UMERC Rate-based Project Cost Over 30 years
Residential and small business costs under proposed UMERC/Tilden Mine special arrangement (73% of rate-based project costs)
Residential and small business costs if cost split was based on actual power consumption (35% of rate-based project costs)
Increased costs for residential and small business consumers under “special” Tilden Mines/UMERC arrangement
The Power Bureau analysis is consistent with testimony filed by Michigan’s consumer advocate Citizens Against Rate Excess (CARE). CARE summed up this disparity well in their PSC-filed brief, “…non-Tilden customers will pay about twice as much as Tilden yet they only consume 1/3 the amount of electricity.”
Failure to Pursue Reasonable and Prudent Alternative
UMERC’s “special” proposal was developed behind closed doors in 2016 by UMERC and Cleveland-based Cliffs Natural Resources. While state law requires UMERC to consider only the most financially reasonable and prudent options, UMERC failed to do so. In fact, UMERC did not even request competitive bids from experienced private sector power plant developers before submitting its Tilden proposal to the PSC.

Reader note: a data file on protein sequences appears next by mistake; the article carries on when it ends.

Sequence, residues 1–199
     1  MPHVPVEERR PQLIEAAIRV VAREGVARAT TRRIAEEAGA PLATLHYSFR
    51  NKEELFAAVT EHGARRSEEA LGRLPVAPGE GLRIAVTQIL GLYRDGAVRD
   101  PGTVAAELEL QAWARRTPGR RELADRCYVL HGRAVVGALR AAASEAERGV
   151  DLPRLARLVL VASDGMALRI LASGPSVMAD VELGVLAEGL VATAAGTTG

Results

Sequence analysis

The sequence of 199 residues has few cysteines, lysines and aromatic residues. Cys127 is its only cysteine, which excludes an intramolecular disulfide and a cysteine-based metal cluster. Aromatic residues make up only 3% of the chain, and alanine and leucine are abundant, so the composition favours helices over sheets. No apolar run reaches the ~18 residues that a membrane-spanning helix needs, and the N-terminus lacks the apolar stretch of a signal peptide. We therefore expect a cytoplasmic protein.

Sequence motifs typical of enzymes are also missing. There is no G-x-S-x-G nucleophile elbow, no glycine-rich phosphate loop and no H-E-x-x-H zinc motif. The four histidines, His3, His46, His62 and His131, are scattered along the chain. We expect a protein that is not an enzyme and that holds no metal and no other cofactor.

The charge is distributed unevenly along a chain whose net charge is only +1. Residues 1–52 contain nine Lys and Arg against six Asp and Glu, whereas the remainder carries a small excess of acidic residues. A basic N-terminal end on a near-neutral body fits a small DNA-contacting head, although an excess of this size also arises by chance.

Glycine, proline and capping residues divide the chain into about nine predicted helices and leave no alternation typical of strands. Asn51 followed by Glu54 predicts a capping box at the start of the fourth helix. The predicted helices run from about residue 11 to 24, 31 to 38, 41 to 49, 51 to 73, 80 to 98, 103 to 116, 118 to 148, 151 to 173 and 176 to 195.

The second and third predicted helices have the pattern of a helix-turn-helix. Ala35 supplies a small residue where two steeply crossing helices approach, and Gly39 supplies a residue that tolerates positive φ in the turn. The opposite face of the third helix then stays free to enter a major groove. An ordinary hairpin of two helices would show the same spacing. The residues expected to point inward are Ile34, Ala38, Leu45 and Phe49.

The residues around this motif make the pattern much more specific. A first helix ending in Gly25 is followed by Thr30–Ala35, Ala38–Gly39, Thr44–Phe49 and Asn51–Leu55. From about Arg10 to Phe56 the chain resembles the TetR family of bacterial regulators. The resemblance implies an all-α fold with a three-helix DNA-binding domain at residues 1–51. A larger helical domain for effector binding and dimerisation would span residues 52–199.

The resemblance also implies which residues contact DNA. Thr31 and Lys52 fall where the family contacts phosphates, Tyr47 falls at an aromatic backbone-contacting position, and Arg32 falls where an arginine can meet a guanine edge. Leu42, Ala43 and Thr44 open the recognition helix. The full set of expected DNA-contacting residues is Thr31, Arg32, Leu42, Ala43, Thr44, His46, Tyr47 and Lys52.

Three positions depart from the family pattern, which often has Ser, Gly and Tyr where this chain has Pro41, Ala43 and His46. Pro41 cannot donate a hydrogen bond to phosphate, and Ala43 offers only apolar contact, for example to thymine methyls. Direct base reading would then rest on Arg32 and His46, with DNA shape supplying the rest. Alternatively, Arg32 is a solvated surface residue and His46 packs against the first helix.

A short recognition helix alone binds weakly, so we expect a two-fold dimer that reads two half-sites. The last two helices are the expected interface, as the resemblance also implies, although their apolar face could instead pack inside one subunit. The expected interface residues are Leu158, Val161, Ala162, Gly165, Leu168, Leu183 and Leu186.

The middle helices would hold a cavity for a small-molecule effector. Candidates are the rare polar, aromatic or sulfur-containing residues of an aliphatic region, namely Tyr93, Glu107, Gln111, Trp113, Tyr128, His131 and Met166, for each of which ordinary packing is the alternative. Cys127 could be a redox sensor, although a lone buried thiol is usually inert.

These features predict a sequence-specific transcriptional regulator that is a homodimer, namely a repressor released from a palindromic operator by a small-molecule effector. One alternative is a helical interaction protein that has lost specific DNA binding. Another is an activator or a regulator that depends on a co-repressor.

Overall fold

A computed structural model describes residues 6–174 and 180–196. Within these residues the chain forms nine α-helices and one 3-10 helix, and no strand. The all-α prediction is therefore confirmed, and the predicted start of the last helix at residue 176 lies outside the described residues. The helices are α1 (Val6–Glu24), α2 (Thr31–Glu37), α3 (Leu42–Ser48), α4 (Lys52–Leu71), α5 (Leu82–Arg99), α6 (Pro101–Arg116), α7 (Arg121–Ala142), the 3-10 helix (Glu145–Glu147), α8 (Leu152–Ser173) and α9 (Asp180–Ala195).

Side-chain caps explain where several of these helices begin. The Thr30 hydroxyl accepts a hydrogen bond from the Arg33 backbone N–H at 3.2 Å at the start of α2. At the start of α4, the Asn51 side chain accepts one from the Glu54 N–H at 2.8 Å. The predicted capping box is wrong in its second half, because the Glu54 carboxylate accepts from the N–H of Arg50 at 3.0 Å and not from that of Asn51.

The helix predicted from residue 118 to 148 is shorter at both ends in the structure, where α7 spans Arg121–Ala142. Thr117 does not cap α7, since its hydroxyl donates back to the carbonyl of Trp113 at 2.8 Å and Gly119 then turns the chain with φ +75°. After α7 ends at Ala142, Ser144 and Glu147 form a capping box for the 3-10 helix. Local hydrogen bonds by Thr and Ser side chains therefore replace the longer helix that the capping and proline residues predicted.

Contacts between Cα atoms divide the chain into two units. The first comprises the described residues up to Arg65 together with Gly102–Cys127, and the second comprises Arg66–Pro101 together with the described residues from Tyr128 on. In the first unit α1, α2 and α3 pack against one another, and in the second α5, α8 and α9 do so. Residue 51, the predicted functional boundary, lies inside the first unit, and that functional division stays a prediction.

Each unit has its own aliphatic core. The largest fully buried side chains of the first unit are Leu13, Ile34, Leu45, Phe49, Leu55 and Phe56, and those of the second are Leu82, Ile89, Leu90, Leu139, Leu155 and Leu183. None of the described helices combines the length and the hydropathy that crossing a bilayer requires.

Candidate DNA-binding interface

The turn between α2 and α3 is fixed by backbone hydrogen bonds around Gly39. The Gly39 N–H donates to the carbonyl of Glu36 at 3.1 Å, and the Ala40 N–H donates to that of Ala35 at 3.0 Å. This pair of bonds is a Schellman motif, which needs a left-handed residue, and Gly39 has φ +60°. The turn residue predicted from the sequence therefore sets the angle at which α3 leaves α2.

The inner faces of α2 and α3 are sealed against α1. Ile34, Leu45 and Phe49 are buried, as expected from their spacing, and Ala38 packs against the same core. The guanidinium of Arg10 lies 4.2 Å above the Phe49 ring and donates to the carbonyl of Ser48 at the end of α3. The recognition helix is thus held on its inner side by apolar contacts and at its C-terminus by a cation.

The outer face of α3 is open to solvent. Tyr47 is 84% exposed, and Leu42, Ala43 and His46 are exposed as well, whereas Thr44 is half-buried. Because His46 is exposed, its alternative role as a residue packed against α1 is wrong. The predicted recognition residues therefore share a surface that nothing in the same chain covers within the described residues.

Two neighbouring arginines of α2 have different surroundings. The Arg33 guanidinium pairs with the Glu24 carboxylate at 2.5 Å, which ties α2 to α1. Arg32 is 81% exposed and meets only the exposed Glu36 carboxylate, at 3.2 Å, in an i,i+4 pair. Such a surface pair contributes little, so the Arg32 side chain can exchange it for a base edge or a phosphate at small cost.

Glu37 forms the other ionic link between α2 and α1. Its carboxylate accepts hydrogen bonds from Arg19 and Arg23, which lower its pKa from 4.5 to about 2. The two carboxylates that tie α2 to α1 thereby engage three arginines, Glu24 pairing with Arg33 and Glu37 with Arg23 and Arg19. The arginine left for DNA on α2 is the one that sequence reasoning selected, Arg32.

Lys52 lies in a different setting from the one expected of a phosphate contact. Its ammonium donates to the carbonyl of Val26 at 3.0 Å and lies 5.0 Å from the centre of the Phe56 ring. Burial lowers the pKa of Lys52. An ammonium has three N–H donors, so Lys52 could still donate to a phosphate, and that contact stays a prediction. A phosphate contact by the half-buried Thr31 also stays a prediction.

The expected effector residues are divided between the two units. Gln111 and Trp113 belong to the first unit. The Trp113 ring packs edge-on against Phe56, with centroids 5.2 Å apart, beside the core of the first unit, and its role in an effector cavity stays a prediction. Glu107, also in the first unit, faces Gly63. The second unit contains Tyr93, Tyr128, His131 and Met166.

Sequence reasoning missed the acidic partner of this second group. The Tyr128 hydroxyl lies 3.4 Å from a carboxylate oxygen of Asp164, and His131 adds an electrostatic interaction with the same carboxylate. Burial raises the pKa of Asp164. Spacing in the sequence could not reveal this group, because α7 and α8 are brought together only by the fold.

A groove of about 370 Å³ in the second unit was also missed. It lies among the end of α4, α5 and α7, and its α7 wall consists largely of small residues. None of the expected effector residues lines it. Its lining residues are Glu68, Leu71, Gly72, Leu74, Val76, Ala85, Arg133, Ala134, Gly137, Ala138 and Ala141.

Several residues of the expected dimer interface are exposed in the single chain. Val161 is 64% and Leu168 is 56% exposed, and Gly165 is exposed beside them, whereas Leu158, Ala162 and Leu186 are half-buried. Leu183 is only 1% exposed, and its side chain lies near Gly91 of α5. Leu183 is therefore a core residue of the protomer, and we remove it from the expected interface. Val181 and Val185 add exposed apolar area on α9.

Private developer GlidePath Development provided a proposal to build 60 MW of electric generation (about 1/3 of the UMERC project) using the same technology specified by UMERC. GlidePath’s proposal would save consumers more than $74 million according to details in UMERC’s filing. The table below shows how UMERC’s failure to consider proposals from any other private company in its submission to the PSC needlessly increased consumer costs.
Private Proposal for 60 MW
Estimated UMERC proposal at 60 MW (1/3 of 180 MW total)
Increased Costs for Consumers
Before UMERC can raise electric rates to pay for the new plants, the PSC must grant a Certificate of Necessity that affirms UMERC’s proposal represents the “most reasonable and prudent means” of meeting the Upper Peninsula’s power needs.
Consumer, business and environmental advocates have formally intervened to object to the UMERC proposal, citing the impact to consumers and businesses and the utility’s responsibility to consider lower-cost alternatives. The Public Service Commission is expected to announce its decision in the next 2-3 months.
For more information and a link for the public to express their concerns can be found at www.FairPowerUP.com.
About the Analysis
The independent analysis was performed by the Power Bureau, an Indiana-based consultancy that advises municipalities (including the City of Chicago and dozens of smaller cities and towns), institutions and project financiers in the energy sector. The analysis was developed from publicly available data from UMERC and data on its own project provided by GlidePath Development. The Power Bureau is led by energy consultant Mark Pruitt, former head of the Illinois Power Agency. The analysis was commissioned by GlidePath Development.